Cinders, The True Story
|Date||3rd February 2022|
|Venue||Peaslake Memorial Hall|
|Type of Production||Pantomime|
|Musical Director||Zara Morley|
|Written By||David Tristram|
Author: Jane Turner
Author David Tristram can always be relied on to produce a solid and humorous script and this was no exception, with an amusing and different take on the traditional Cinderella story. Clever adaptation of the script by Director Di Ferguson (with the permission of the author!) brought in frequent local references and amusing innuendo, which added to the entertainment. Some characters were totally unexpected, such as an elderly Buttons, a geriatric Town Cryer and a glamorous equestrian Baroness, while the essence of the story was unchanged with a delightful, innocent Cinderella, a handsome Prince, two outrageous Ugly Sisters, a Hairy Godmother with a difference and an ill-matched Baron and Baroness. There was even a Panto Horse for good measure. Bob Good did a marvellous job on the piano, keeping up with all the goings-on around him. It all fitted together perfectly and kept us entertained and engaged from beginning to end. It was also the perfect length – some amateur companies fall into the trap of over indulgence but not so here.
The flats on either side were brightly painted with appropriate scenes on both sides and clever use of projected pictures on to the back wall of the stage added an extra dimension. Props were simple and lighting was unobtrusive and effective with good use of the follow spot. Traditional panto costumes for the leading characters and the chorus were colourful and varied and the Ugly Sisters were suitably garish with outrageous wigs and make-up. The Baroness took everyone by surprise as an imperious, bossy, equestrian, wearing a glamorous outfit complete with riding whip.
The show was opened by the Hairy Godmother, Mike Sutton, who burst on to the stage with boundless energy, setting the pace for the rest of the show and engaging the audience with constant banter. His rhyming verse throughout was very clever and funny. The Chorus was especially strong, both in their singing and movement and their interaction with each other, and the young Urchins were slick with some good moves in their dance routines. The hapless Town Cryer, Ian Allen, stumbled on and off to announce the news which everyone already knew, amusingly changing his traditional cry to “Oh Yesss, Oh Yesss”. Innocent Cinderella, Molly Palmer, was delightful, taking everything in her stride including a magic scooter instead of a carriage on which she expertly sped off to the Ball. Her charming singing voice was very clear and mature for her age. Her relationship with the elderly Buttons, Kim Ferguson, was touchingly engaging and Buttons himself was a steady anchor throughout the show. The Prince, Felix Wood, was suitably handsome and debonair who satisfyingly fell in love with Cinderella early on. Baron Hardup, Bobby Knott, was very funny as the put-upon luckless husband of the fearsome Baroness. His humorous song was very clever. He sustained a very believable lisp the whole way through – I began to wonder if in fact it was genuine! Dandini is not an easy role to play, running around after the Prince with little reward or recognition but Katie Kinnes filled the slot well. The Ugly Sisters, Nick Boisseau and Mark Taylor, played their parts to perfection with all the elements required for these two classic characters. As for Baroness Hardup, she was a revelation and took command from the moment she first set foot on stage. It was genius to portray her as a glamorous equestrian, in total contrast to the other more traditional characters. Congratulations for thinking of that. Sarah Knott was spectacular in the part and cannot be faulted.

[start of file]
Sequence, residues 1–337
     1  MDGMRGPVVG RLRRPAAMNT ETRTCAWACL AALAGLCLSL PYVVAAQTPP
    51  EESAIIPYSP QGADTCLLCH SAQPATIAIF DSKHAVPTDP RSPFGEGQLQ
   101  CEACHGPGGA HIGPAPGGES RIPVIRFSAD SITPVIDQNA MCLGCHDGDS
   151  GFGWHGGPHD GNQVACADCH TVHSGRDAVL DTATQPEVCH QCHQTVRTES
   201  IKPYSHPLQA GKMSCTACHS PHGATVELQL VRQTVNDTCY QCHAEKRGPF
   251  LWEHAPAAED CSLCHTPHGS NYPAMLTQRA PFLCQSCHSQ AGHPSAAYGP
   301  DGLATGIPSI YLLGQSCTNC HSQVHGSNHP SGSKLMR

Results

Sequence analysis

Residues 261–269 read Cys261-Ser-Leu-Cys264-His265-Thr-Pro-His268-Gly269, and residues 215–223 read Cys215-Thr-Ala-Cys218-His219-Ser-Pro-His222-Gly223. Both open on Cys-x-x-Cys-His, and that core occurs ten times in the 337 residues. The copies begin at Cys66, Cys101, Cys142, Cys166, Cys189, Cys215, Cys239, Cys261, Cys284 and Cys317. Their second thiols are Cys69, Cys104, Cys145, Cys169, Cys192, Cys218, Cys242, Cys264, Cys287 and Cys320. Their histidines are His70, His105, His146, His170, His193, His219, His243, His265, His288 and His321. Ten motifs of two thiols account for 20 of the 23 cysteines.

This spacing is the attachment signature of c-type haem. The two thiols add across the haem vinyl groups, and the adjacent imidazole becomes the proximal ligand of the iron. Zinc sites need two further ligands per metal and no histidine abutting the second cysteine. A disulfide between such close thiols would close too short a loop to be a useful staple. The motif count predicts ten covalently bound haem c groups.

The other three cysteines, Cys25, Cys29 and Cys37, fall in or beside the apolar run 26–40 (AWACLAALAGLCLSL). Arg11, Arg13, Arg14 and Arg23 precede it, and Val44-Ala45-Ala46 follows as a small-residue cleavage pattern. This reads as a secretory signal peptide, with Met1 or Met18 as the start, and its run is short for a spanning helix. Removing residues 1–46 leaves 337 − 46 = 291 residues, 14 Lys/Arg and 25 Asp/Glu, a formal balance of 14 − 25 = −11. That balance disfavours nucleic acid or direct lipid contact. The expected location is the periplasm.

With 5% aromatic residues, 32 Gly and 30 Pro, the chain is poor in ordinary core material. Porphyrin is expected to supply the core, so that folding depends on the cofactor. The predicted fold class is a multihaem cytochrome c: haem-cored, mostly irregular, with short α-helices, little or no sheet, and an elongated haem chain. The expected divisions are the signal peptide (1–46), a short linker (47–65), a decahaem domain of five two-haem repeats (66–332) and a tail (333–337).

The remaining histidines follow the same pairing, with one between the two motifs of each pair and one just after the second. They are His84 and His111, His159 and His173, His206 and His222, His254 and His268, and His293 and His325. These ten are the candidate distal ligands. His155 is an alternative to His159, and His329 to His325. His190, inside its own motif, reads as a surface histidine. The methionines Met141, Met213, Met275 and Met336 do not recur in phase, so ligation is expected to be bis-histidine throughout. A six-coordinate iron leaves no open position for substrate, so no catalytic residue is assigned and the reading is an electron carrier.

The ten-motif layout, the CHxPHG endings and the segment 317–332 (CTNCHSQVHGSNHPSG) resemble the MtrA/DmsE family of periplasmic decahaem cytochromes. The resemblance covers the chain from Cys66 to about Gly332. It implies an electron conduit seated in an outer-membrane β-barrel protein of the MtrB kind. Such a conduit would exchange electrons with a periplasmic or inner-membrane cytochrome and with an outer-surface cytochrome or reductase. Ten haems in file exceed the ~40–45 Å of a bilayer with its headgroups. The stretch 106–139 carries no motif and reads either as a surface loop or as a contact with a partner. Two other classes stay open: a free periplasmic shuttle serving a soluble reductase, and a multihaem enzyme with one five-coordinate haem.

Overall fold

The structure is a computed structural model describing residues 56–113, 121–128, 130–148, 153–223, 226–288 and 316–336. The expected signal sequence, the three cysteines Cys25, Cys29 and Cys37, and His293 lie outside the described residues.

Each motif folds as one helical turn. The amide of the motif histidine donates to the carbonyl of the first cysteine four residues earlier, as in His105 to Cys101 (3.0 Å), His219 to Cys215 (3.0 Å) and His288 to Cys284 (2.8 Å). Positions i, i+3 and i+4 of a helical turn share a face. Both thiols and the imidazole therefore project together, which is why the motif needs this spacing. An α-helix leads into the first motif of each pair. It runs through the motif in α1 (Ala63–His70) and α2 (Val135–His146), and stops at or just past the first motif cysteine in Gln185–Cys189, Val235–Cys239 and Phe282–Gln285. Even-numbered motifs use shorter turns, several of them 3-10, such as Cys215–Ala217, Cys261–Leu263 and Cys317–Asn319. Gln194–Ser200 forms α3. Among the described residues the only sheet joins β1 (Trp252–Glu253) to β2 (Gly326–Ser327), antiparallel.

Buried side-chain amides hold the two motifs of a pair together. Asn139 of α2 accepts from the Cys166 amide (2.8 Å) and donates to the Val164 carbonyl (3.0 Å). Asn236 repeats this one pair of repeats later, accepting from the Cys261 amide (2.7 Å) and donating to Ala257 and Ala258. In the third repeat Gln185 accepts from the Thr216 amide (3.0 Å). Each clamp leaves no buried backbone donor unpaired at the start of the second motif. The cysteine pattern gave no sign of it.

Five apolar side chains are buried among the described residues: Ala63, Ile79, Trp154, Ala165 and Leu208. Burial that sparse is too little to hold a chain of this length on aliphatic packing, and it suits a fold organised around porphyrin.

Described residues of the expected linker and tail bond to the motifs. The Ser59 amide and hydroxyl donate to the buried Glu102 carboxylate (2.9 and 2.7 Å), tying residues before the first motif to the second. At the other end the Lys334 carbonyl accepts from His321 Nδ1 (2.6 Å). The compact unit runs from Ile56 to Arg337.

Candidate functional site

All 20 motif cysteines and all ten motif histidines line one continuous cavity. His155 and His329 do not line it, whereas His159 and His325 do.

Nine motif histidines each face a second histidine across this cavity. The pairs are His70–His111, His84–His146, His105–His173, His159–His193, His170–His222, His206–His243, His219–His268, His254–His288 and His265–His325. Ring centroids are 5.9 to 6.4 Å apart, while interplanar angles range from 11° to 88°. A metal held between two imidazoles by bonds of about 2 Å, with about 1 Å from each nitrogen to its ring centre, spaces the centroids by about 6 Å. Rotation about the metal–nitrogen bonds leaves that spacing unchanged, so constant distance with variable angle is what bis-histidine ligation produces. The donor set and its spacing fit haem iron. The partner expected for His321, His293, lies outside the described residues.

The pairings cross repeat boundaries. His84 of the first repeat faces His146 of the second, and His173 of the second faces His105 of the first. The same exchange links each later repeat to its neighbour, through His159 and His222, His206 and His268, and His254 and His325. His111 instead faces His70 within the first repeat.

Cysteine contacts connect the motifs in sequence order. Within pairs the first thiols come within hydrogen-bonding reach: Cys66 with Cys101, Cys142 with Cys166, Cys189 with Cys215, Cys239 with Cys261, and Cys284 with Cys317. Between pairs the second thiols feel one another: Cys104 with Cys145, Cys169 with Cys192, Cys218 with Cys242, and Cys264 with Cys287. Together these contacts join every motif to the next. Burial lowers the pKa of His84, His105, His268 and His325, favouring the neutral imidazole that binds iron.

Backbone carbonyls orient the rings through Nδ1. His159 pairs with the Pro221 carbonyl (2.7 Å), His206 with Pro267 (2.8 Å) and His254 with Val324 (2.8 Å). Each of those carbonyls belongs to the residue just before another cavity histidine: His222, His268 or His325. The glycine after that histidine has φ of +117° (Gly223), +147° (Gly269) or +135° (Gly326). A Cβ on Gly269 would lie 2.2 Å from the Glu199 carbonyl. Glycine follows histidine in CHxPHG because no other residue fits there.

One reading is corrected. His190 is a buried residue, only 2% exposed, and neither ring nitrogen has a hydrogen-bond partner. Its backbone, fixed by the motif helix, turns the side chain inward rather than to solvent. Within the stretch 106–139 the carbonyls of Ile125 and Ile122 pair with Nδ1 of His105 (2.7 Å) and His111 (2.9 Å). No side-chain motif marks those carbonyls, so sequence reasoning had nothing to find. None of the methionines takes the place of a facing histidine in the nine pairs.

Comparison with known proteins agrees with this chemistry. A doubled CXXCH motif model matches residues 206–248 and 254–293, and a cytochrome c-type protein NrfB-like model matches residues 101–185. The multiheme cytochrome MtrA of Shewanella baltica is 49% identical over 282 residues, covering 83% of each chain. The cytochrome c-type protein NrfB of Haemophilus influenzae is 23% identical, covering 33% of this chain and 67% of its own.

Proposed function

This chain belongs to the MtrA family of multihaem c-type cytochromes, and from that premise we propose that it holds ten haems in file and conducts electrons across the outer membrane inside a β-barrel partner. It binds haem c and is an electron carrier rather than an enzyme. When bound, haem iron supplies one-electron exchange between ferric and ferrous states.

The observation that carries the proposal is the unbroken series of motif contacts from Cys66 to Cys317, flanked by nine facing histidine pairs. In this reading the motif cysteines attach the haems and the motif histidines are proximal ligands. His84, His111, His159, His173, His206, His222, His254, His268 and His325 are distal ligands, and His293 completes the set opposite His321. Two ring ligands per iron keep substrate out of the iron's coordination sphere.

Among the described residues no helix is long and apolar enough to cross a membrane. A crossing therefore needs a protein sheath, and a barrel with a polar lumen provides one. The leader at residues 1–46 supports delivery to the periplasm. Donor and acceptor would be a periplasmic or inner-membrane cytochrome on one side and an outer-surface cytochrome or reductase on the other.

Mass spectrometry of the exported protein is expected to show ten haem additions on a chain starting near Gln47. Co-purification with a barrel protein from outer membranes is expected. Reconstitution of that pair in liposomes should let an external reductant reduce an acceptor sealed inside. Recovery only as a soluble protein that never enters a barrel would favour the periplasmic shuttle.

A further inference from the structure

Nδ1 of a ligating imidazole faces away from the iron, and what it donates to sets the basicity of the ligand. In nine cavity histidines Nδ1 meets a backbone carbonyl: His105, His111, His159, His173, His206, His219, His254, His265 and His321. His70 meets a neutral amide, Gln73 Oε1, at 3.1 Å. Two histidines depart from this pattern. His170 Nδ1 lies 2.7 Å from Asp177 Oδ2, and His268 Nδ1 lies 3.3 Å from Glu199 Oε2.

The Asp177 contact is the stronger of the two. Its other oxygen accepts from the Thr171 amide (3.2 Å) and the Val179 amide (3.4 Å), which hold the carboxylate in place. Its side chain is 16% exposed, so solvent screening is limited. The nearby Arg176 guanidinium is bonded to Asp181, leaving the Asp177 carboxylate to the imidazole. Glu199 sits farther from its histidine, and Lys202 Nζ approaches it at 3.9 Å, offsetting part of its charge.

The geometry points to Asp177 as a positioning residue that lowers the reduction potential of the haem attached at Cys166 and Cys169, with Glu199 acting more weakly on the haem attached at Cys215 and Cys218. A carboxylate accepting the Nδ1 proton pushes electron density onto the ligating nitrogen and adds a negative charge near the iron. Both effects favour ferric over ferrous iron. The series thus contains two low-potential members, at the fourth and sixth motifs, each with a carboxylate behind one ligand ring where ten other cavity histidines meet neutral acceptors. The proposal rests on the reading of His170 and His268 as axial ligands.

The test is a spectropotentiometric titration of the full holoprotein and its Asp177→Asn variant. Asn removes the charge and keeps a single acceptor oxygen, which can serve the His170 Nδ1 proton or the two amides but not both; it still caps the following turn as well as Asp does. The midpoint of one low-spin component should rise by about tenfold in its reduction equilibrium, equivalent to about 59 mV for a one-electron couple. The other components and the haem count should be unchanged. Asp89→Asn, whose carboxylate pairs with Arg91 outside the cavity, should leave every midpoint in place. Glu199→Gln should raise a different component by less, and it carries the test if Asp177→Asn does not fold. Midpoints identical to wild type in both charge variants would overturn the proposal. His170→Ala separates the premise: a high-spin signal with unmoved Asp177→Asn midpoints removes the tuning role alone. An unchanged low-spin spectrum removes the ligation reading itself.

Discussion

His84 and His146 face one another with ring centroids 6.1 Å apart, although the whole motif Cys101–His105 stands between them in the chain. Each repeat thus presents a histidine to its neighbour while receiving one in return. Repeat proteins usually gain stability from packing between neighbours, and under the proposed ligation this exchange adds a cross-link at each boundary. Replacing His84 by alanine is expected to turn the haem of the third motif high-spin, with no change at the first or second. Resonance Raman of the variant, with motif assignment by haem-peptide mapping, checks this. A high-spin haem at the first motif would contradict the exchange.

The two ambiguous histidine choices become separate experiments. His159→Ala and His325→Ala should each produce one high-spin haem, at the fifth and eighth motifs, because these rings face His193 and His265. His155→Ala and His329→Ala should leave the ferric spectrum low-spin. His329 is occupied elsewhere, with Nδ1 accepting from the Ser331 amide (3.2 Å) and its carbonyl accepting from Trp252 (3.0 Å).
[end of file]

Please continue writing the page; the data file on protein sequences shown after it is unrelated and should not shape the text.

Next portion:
Congratulations to Director Di Ferguson for such an imaginative and enjoyable production. Peaslake Players never fail to put on a really good show and this was no exception.